The Water Research Laboratory, which assisted Warringah Council by providing quantitative and independent monitoring of the entrance to Narrabeen Lagoon, notes as well that 'The lagoon entrance is subject to continuous infilling which restricts water exchange between the estuary and the ocean; and in extreme cases closes the lagoon off completely. This in turn effects the entire lagoon system leading to problems with flooding and water quality.'

However, the periods between mitigation works is lessening given there have been major sand clearance works undertaken in 2016, 2018, 2021 and now 2023 are a statement of fact that the period between 'in extreme cases' now averages every two years, with residents finding more sand still being present during those in between periods. 

The numerous studies that have been compiled over the years, especially the more recent ones, did take into account the impacts of climate change but that a 'head in the sand' approach was the feedback Warringah Council and those commissioned to do the PoM received. 

The Narrabeen Lagoon Plan of Management prepared for Warringah Council in 2011 and Adopted by Andrew Stoner on October 9 2013, stated:

There was a mix of views about the nature of flooding risk within the catchment and the need for it to be investigated or managed differently. While it was recognised that the frequency of high rainfall events was increasing and will increase the impact of flooding across the catchment, there were differing levels of support for changing the approach to flood management which may reflect different views about climate change. There was strong opposition to assessing the likely impact of climate change on flood risk or planning for increased frequency of flooding due to climate change. However, there was strong support to manage the floodplain in accordance with legislative requirements and to implement measures to reduce flooding and protect property. 

There was a view that flooding risk was already on the policy agenda, that sufficient flood risk analysis had been undertaken and that flood risk was being adequately managed (e.g. building codes). As such, there was some support to implement current flood management plans and not review them or undertake further flood risk analysis. It was clear that, while there were different views about the need for and benefits of entrance clearance, there was differing levels of understanding about the role entrance clearance plays in flood mitigation. There was also a view that new development controls were needed to prevent further development within the floodplain.

At the other end of the lagoon the Wakehurst Parkway closes with just about every deluge, cutting off everyone north of there and in the Narrabeen surrounds from the only hospital remaining in the area after the closure of Manly and Mona Vale hospitals. These closures are in force for anywhere from hours to days.

Northern Beaches Council has called an extraordinary meeting of the Northern Beaches Local Planning Panel (NBLPP) to be held at Council Chambers Dee Why, 725 Pittwater Rd on Monday 25th September at 10.30am.  This is to discuss the construction of coastal protection works, specifically the continuation of the vertical concrete wall in front of private properties.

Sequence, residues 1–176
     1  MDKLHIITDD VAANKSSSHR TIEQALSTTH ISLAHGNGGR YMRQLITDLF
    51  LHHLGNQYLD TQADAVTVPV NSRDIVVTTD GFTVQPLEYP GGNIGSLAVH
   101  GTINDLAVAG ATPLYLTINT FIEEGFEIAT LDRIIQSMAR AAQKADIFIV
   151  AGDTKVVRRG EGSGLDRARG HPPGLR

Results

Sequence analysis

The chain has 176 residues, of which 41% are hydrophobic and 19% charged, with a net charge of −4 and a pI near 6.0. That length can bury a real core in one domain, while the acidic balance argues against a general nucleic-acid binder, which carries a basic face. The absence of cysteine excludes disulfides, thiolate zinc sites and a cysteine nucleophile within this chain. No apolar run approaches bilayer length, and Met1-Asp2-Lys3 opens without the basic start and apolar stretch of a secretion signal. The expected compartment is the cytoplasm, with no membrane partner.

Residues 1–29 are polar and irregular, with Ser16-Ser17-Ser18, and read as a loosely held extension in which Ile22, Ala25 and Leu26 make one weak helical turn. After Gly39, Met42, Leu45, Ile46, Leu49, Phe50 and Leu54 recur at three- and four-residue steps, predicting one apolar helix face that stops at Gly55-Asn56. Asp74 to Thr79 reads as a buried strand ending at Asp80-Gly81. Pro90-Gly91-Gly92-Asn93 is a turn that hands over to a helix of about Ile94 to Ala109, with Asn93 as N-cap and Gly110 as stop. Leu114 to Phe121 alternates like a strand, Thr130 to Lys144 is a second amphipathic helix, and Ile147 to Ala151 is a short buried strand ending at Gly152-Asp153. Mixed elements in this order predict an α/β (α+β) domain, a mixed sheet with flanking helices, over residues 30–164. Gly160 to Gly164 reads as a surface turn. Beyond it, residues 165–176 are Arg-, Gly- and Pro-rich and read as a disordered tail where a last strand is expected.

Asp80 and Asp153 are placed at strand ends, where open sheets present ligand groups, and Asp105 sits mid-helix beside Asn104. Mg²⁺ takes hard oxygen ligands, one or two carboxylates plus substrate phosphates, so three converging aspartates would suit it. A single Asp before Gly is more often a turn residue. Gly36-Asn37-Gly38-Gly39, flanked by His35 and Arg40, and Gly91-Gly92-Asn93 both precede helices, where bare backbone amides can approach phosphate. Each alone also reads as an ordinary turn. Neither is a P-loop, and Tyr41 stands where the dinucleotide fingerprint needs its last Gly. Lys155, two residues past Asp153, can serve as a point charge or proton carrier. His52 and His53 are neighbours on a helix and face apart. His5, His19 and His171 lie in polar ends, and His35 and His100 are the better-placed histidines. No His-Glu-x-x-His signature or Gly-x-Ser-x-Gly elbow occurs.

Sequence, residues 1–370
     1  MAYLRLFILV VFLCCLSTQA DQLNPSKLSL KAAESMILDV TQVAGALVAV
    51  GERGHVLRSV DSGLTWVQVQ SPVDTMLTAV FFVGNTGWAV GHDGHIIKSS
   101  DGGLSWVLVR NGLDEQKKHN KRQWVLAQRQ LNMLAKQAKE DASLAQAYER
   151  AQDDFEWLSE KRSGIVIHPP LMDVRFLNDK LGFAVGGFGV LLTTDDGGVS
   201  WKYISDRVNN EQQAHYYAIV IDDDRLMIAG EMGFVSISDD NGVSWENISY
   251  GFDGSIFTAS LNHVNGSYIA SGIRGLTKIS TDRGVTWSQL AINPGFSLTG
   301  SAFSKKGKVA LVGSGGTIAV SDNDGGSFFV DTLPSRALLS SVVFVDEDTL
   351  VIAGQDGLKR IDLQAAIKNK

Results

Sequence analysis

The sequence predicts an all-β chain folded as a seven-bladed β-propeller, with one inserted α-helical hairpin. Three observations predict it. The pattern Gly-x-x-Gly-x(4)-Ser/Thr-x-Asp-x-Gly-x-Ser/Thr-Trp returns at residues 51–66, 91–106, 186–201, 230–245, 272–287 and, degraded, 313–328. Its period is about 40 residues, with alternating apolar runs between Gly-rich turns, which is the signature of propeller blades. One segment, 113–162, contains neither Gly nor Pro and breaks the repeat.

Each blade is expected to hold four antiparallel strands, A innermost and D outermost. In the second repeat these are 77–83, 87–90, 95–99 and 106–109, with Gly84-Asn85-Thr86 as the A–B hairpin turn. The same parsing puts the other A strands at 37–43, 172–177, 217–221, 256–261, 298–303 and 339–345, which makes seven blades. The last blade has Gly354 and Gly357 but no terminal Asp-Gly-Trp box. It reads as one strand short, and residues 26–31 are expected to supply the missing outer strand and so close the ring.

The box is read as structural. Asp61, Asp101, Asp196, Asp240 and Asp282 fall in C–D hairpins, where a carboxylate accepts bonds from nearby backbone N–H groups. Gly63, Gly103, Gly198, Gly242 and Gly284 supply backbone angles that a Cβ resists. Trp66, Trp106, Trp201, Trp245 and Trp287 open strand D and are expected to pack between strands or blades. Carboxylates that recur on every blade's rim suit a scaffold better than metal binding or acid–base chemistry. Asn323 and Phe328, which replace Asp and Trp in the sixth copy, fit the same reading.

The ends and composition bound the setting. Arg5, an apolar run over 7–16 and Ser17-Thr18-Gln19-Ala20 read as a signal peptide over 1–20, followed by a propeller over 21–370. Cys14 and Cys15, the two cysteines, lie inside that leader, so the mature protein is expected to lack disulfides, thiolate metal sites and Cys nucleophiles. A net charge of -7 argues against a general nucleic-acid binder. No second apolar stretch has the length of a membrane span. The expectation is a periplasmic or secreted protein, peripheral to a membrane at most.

Application No. DA2021/1612
Address: 1 Clarke Street Narrabeen & 1192 Pittwater Road Narrabeen & 1194 Pittwater Road Narrabeen & 1196 Pittwater Road Narrabeen & 1204 Pittwater Road Narrabeen.

Surfrider Foundation Northern Beaches has stated, ''If you can please turn up to the meeting, or better still, ask to state your case for our beach's preservation. This brutal amouring and diminishment of public amenity must stop. Northern Beaches Council should be setting the example of "best practice" for urban coastal zone protection and design, not the worst. If you objected (and many of you did) you should have received an email offering you a chance to address the issue. ''

The development application seeks consent for coastal protection works entirely on private land between Clarke and Mactier Streets (excluding a portion of land containing South Narrabeen Surf Club).

The application is being referred to the Northern Beaches Local Planning Panel (NBLPP) for determination due to receiving 178 submissions. Concerns raised in the submissions predominantly relate to whether the works: will increase coastal erosion, will cause a loss of public access to the beach, will be visually unappealing, are these the most appropriate design for this site, will impact on the surf/wave quality and, whether there has been sufficient public consultation.

If you would like to address the Panel, you will need to register by 4.00pm the day before the scheduled meeting by email ( and including the DA number, your name, address and if you are speaking for or against the application or by phoning 1300 434 434.

'Speakers will be limited to three minutes with time extended at the discretion of the Chair. Where there are a number of objectors with a common interest, the panel may, in its absolute discretion, hear a representative of those persons', Council's webpage for the NBPP advises.

That these works are now 'entirely on private land' would indicate the $20+ million for the Collaroy to Narrabeen sections funded by ratepayers are now complete.